The crew woke to very calm conditions so they attempted to bring the anchor up and set out for Onancock. However, the anchor brought up some garbage off the sea floor that the skipper had to untangle before they could get started. It was only a short delay, and the crew still managed to get underway by 0630.
Never a dull moment
It was about 70 uneventful miles across the Bay. About the only excitement occurred when the crew passed thru the large ship anchorage near Cape Charles.
A helicopter came and landed on one of the ships to drop off a navigation pilot. Then a boat pulled alongside another large ship and the navigation pilot had to climb some stairs to get onboard.
The run up Onancock Creek was pretty with many nice homes which line the River.
In the Big Rock Fishing Tournament, the boats can enter as many as 9 different contests. Total cost to enter all 9 events was $23,000 this year. One of the events is called the Fabulous Fisherman. The cost to enter the event is $5,000, but the payout was $500,000 to the first boat to land a 500 pound fish. Well, sorta.
The first 500 pound fish was a blue marlin weighing in at 518.5 pounds caught by Honey Hush on Tuesday. Unfortunately for them, they did NOT enter the Fabulous Fisherman event so could not claim the prize.
In fact, the prize remained unclaimed until the last day of the contest when Carterican landed a 500.9 pounder and claimed the cash. The fish put them in second place for the overall contest, for the moment.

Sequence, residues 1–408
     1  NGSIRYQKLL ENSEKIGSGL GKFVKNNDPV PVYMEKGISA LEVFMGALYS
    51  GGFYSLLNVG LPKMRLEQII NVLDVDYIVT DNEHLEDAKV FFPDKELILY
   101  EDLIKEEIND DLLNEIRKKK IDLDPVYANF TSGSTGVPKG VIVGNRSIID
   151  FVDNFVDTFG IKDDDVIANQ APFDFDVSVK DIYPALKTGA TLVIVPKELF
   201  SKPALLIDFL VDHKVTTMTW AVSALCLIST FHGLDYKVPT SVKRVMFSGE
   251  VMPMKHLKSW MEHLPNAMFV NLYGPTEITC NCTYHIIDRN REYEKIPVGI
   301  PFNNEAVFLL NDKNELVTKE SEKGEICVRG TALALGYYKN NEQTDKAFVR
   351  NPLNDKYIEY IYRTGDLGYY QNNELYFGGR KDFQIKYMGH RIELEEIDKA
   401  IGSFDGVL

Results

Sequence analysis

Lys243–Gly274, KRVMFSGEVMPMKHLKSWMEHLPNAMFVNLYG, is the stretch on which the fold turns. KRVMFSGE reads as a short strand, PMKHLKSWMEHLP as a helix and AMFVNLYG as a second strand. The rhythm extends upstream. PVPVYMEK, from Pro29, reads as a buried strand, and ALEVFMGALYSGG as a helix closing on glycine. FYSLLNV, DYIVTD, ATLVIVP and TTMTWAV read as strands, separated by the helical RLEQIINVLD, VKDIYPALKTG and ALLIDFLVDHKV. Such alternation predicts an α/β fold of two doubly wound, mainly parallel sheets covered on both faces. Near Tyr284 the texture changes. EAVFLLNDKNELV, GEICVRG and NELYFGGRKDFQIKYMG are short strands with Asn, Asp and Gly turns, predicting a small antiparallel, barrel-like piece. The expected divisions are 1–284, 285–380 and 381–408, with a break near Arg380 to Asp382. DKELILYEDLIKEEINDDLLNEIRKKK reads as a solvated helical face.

However, the final results would not be known until the last weigh-in of the day. Fender Bender landed a large fish and eventually won second place with a 514.3 pound Blue Marlin.
With only three 500 pound fish caught all week, and two of those on the last day, you might understand why Honey Hush did not enter the Fabulous Fisherman contest. However, since they ended up winning the overall tournament and the $753,875 purse, I think they are just fine with the outcome.
The skipper has looked at the weather forecast for next week, and the Bay looks to be calm all week with winds under 10 mph. If these conditions hold, the crew will attempt to cruise 8 hours each day. With fair winds, they hope to make Cape May next weekend.